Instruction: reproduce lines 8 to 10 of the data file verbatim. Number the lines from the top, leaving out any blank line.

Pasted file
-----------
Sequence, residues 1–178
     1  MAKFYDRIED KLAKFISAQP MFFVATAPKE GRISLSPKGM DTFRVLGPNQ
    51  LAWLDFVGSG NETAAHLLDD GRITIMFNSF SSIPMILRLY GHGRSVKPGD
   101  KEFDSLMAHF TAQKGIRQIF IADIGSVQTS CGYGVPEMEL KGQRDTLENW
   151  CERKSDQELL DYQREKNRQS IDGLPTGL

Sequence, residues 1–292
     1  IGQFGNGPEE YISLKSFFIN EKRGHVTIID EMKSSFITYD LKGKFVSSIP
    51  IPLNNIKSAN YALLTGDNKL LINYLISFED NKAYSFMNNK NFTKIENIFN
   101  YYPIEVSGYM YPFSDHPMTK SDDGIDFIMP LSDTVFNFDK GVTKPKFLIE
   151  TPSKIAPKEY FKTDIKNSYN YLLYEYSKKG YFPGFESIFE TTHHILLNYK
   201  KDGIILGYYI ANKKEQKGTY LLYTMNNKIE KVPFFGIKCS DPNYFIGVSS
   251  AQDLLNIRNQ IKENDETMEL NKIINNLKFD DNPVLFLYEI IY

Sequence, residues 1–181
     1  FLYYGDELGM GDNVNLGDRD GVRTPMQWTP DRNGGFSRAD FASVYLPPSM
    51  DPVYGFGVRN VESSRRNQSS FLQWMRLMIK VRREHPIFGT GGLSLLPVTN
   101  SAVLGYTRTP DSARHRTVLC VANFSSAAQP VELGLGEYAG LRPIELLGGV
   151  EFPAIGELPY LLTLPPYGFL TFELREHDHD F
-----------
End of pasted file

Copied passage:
    51  IPLNNIKSAN YALLTGDNKL LINYLISFED NKAYSFMNNK NFTKIENIFN
   101  YYPIEVSGYM YPFSDHPMTK SDDGIDFIMP LSDTVFNFDK GVTKPKFLIE
   151  TPSKIAPKEY FKTDIKNSYN YLLYEYSKKG YFPGFESIFE TTHHILLNYK